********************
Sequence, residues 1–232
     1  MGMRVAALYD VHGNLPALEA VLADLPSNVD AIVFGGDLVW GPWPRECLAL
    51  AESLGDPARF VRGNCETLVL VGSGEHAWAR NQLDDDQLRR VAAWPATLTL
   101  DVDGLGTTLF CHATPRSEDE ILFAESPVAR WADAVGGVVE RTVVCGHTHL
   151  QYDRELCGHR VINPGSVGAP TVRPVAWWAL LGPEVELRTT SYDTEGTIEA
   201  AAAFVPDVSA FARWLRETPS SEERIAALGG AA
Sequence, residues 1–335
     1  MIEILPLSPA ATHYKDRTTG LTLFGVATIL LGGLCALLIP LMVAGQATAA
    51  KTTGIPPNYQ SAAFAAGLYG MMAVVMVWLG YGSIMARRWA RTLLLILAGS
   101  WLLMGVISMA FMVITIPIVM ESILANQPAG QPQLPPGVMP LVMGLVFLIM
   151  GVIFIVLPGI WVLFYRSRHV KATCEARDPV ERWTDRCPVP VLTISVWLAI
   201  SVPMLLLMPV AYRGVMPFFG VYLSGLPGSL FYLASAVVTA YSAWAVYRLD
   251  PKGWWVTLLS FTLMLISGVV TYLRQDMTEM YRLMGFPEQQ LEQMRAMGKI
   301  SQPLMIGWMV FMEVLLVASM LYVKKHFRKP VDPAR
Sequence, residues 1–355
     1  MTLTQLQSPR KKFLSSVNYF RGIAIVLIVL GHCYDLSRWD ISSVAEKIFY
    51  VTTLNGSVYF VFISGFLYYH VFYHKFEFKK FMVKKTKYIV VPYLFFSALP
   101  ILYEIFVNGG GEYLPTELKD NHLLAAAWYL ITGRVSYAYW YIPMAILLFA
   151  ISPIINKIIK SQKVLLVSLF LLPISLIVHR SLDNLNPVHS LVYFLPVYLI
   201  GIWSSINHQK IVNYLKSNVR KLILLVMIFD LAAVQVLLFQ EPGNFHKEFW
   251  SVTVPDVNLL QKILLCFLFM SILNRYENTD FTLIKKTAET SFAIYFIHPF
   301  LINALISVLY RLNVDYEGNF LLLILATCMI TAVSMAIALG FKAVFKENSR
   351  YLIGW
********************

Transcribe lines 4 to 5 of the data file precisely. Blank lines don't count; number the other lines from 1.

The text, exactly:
   101  DVDGLGTTLF CHATPRSEDE ILFAESPVAR WADAVGGVVE RTVVCGHTHL
   151  QYDRELCGHR VINPGSVGAP TVRPVAWWAL LGPEVELRTT SYDTEGTIEA